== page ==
Schools will now have two years to get ready for the new 3-18 curriculum, which will be implemented from August 2008.
In what amounts to a "velvet revolution" in the way reforms are introduced into schools, teachers are testing out the best ideas and practices before they are endorsed by the policy-makers.
Already, around 700 schools throughout Scotland have enrolled in a "register of interest", signalling their willingness to offer good practice or to act as testbeds for innovation.
Maggi Allan, chair of the programme board for the review, told The TES Scotland in an exclusive interview: "The profession is now leading this development."
This represents a major departure from the approaches taken to introduce the Munn and Dunning reforms, 5-14 and Higher Still, in which ministers propose, consultations take place with restricted groups of key players, ministers finally decide, central guidelines follow and teachers receive staff development through "cascading" change from above.
In its first progress report, the board set out what it calls a "tentative timeline". Draft guidance, including the potentially contentious place of subjects, will be published in September. It would be much "leaner" than previous exercises, Mrs Allan promised.
This will be followed by detailed consultations with teachers, professional development for staff and piloting. The final shape of the curriculum will start to emerge in June next year and there will then be a year of "familiarisation, preparation and development".
Mrs Allan said the board was confident that space for learning in greater depth can be found, allowing pupils and teachers more choice and freedom.
This conclusion was welcomed, almost with a sense of relief, by Peter Peacock, Education Minister, who said he would give the report "very careful thought" and respond in due course.
It was also welcomed by the Educational Institute of Scotland, a fierce critic of the way reforms have been handled in the past. The union paid tribute to "the high level of consultation with teachers".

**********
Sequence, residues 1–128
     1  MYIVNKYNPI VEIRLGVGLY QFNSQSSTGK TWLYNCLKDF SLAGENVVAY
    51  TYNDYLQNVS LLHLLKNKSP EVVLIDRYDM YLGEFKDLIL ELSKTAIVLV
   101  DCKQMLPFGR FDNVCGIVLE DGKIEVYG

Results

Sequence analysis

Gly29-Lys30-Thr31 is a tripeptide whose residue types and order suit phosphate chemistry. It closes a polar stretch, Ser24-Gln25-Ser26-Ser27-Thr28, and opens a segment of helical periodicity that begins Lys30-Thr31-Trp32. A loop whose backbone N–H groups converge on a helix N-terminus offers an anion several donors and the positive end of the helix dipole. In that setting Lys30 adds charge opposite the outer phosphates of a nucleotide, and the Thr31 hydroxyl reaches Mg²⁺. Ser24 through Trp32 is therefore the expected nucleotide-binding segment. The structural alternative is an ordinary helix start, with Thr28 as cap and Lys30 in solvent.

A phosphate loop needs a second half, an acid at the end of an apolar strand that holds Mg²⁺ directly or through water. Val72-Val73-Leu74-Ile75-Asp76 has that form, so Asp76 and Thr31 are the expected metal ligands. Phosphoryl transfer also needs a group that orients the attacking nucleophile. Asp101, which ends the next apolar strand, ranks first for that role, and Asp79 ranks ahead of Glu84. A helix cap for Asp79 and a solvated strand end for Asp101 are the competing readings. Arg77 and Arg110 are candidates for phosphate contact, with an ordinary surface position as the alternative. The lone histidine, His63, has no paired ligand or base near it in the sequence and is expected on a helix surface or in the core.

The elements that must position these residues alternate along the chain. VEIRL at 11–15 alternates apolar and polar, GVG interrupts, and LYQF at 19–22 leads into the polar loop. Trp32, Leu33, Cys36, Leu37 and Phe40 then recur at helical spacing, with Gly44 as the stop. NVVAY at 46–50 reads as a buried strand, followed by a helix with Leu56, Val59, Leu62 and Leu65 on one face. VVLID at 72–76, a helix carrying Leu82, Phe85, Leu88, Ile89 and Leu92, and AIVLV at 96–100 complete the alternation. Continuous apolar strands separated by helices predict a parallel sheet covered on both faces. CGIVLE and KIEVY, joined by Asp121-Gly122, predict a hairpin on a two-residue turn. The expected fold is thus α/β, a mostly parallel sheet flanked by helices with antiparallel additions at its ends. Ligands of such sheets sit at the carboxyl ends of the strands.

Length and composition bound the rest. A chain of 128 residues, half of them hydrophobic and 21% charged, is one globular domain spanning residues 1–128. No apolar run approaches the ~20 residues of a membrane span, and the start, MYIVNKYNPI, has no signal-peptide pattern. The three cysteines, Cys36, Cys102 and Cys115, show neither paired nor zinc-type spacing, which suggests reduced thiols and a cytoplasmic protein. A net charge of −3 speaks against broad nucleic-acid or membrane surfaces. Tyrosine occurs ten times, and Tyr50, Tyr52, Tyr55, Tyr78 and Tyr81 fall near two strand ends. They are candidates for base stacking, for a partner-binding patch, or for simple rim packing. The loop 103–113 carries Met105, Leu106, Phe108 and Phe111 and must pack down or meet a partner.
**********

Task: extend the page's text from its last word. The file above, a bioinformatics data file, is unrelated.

Mrs Allan made it clear that, while no detailed proposals have so far emerged on specific curriculum areas, "it's not because we have been sitting on our hands".
She said: "We decided early on to engage in debate with the profession about the principles, purposes and values of the curriculum and to see if there was a consensus about what these should be. We also wanted a debate to encourage teachers to talk to teachers about these issues, not just us as a board talking to teachers.
"That takes time - but it is time well spent. We now believe we are in a position where the profession is leading this development."
In her foreword to the report, Mrs Allan, former director of education in South Lanarkshire, said A Curriculum for Excellence had "resonated with almost everyone to whom we have spoken".
She continued: "There is a genuine feeling of excitement about our goal of enabling all young people to become successful learners, responsible citizens, effective contributors and confident individuals."
But Mrs Allan said that it would be the responsibility of all teachers and the whole school to develop these four capacities. Pupils' broader achievements would have to be acknowledged, not just attainment in exams.
"A Curriculum for Excellence set out the general parameters, so we know what the foundations are," Mrs Allan said. "Let's start building."
She cautioned against any expectation that the curriculum changes would take the form of "a big bang event" and commented: "It's not as though a red light comes on for 5-14 to cease and A Curriculum for Excellence gets the green light. The green light is on already so that, for example, schools can start planning for the curriculum principles set out there and begin then to examine how what they are doing fits with these principles.
"We know from our visits to schools that they are already doing that and teachers are beginning to think in those ways."
Full Report 4-5; Platform 18; Leader 20